A global citizen science platform
to discover, share and identify wildlife
Papilio polyxenes stabilis
The black swallowtail has a wingspan of 6.9–8.4 cm, and females are typically larger than males.The upper wing surface is black with two rows of yellow spots – these spots are large and bright in males and smaller and lighter in females. Females have a prominent blue area between these two rows, while males have a much less prominent blue area. These differences give rise to effective Batesian mimicry seen in females. Both sexes show a red spot with a black bullseye on the inner hind margin of the hindwings and an isolated yellow spot on the front edge of the wings. The ventral side of wings of males and females are essentially identical: forewings have two rows of pale yellow spots, and hindwings have rows of bright orange spots separated by areas of powdery blue. The ventral side also acts as an effective mimic for both males and females for protection against predators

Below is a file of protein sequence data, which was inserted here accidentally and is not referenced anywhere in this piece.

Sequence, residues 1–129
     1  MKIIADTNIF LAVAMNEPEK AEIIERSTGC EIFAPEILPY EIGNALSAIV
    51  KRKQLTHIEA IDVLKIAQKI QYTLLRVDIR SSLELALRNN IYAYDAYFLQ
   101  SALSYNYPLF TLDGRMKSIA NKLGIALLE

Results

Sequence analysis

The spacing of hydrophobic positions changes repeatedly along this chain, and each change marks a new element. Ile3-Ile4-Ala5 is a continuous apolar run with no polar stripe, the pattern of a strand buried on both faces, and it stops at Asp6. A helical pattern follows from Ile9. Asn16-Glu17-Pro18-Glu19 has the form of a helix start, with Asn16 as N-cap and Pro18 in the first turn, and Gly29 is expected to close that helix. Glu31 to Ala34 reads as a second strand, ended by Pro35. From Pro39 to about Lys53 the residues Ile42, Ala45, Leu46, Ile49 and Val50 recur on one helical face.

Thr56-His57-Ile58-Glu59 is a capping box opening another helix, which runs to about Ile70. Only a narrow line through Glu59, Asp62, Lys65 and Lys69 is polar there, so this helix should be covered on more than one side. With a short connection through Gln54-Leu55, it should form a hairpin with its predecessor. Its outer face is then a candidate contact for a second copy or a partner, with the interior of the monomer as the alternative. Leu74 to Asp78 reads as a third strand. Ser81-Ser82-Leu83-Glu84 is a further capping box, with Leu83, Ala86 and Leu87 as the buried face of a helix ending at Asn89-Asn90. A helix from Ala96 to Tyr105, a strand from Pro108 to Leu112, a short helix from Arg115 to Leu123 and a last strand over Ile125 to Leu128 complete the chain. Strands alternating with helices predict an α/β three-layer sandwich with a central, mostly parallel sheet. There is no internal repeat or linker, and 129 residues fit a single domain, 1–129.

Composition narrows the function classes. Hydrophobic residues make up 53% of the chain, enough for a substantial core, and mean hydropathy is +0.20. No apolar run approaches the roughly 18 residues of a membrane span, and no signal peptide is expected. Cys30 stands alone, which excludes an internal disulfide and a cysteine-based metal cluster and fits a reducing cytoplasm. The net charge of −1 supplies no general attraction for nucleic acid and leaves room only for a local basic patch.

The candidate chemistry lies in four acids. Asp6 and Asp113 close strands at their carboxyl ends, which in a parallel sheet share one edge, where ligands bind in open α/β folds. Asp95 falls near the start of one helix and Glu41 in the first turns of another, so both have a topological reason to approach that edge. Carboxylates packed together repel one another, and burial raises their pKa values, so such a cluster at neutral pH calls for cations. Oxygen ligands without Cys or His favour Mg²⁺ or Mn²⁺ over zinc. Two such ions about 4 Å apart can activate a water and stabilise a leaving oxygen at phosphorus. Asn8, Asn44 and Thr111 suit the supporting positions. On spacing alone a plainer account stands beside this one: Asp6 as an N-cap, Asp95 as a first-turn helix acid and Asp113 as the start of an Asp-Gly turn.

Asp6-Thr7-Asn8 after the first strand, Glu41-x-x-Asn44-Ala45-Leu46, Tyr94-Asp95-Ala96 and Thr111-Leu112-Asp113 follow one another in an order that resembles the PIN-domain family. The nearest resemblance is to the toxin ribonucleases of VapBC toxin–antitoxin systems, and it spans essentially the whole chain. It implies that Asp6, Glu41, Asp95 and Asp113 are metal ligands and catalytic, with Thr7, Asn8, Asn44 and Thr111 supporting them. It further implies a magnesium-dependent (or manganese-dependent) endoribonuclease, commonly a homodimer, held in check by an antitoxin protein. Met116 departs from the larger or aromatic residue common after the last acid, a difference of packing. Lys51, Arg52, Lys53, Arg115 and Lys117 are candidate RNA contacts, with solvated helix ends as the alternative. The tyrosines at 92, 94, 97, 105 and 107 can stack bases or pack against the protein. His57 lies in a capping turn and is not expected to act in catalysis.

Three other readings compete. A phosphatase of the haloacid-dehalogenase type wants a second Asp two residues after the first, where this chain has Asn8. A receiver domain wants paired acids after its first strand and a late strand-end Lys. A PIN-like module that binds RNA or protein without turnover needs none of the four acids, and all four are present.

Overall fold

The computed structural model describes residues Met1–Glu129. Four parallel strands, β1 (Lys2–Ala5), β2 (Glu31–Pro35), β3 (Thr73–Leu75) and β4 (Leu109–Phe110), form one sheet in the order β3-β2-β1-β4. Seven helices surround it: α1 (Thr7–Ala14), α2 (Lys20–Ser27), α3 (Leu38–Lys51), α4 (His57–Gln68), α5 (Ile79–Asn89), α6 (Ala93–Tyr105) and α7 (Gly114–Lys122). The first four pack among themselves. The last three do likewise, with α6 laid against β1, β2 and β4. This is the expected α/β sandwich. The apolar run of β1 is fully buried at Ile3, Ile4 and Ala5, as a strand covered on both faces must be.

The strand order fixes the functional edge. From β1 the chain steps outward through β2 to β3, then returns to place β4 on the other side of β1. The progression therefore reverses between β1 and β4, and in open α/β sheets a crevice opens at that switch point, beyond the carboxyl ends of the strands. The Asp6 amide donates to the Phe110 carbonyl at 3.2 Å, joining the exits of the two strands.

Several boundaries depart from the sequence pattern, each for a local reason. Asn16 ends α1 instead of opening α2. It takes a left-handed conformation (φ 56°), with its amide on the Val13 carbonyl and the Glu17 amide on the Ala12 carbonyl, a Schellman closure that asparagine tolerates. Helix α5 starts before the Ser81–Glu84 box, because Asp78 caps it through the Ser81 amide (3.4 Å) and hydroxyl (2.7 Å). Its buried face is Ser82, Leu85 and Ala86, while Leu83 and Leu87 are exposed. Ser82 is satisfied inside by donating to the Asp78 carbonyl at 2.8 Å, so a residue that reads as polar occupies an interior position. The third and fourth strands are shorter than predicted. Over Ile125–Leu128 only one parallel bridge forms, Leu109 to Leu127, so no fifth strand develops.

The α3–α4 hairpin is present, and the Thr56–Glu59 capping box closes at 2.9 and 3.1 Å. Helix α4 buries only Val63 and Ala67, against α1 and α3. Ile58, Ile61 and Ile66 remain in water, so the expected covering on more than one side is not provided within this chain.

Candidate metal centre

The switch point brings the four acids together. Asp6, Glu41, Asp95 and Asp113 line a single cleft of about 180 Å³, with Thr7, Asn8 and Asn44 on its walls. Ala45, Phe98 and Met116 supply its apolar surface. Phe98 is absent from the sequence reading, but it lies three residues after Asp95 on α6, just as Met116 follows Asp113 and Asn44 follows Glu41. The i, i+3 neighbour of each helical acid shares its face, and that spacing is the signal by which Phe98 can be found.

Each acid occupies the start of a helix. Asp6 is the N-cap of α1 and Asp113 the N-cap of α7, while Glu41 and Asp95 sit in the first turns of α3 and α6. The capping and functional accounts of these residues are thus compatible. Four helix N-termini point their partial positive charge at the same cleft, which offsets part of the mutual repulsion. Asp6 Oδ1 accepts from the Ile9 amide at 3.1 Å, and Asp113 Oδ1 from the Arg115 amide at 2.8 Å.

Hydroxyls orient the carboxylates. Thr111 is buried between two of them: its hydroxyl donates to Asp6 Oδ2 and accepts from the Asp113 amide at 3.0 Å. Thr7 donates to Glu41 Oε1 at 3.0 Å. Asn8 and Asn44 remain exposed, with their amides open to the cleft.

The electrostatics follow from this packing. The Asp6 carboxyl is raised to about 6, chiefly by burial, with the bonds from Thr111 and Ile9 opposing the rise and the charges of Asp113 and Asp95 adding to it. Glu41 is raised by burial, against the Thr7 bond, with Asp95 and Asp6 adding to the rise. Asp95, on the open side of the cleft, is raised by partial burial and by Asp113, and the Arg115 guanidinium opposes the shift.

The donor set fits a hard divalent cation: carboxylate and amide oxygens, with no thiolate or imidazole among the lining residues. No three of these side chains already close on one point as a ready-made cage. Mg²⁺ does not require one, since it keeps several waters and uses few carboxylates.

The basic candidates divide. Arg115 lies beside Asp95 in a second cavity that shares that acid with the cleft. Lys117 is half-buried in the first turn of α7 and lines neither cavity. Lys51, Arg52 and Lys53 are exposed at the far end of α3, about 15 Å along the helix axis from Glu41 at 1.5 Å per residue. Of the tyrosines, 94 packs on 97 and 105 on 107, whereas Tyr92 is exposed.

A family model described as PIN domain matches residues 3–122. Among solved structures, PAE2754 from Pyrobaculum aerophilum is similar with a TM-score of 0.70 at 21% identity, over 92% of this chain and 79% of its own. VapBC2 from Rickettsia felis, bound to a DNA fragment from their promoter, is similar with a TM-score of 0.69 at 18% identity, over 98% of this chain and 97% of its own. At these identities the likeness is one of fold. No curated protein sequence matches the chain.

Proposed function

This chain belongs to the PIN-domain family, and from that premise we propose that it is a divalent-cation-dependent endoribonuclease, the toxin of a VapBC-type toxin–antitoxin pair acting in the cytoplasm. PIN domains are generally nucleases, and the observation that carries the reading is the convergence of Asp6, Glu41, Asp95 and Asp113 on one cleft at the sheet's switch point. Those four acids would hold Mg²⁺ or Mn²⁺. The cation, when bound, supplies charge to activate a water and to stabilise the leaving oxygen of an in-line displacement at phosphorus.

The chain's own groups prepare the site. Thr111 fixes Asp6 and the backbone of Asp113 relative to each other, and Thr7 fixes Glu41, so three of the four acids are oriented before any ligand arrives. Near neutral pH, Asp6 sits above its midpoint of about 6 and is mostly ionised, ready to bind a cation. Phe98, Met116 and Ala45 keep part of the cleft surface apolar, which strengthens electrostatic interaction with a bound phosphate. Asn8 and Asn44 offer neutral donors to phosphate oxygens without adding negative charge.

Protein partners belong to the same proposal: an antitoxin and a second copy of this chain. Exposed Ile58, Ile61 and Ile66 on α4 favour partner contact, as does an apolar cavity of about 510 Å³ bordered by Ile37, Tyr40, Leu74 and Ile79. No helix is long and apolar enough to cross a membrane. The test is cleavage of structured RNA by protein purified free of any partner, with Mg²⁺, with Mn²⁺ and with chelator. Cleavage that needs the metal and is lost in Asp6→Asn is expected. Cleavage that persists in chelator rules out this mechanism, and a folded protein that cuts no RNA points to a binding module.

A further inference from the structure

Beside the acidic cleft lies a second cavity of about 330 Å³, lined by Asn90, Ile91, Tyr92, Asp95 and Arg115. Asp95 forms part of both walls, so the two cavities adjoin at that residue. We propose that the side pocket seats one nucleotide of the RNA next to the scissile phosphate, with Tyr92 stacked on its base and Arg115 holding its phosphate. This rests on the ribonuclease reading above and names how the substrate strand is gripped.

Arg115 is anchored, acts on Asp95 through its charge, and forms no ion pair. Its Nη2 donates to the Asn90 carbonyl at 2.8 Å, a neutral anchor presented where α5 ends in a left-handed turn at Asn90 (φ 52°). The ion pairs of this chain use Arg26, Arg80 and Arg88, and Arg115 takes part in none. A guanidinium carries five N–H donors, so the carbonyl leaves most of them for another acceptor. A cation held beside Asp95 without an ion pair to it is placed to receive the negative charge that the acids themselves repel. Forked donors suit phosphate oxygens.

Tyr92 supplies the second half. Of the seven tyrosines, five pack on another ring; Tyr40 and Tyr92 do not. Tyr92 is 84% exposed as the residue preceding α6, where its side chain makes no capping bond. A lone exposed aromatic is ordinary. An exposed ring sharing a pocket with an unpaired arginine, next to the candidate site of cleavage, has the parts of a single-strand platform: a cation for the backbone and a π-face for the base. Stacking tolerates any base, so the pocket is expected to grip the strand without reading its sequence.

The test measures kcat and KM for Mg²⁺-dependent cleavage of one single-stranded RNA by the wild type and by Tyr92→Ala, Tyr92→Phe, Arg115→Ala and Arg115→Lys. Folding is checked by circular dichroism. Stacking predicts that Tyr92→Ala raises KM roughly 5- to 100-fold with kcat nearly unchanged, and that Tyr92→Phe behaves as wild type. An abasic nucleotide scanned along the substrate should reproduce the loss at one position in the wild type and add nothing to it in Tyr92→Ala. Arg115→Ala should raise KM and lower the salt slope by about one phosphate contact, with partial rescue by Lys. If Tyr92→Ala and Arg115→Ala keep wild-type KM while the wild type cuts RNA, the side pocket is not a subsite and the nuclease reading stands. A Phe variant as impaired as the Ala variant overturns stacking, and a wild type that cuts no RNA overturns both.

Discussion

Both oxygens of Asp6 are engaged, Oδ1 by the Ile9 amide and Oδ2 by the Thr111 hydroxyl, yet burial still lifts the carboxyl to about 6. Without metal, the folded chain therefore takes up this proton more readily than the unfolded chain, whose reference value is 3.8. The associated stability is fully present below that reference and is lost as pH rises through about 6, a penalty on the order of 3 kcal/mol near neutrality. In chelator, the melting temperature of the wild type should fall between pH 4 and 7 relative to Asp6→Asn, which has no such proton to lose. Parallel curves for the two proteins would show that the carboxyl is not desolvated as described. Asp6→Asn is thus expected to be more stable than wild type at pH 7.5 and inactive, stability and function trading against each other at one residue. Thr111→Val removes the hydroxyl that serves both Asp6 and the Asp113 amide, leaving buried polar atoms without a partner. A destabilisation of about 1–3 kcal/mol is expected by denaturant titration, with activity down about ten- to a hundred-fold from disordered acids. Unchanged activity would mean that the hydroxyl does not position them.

Open areas that have been deforested and converted to meadows or pastures.
Females lay single eggs on host plants, usually on the new foliage and occasionally on flowers. The eggs stage lasts 4-9 days, the larval stage 10–30 days, and the pupal stage 18 days.The duration of these stages may vary depending on temperature and the species of the host plants.
Lat: 10.21, Long: -84.67
Spotted on Jul 3, 2018
Submitted on Jul 4, 2018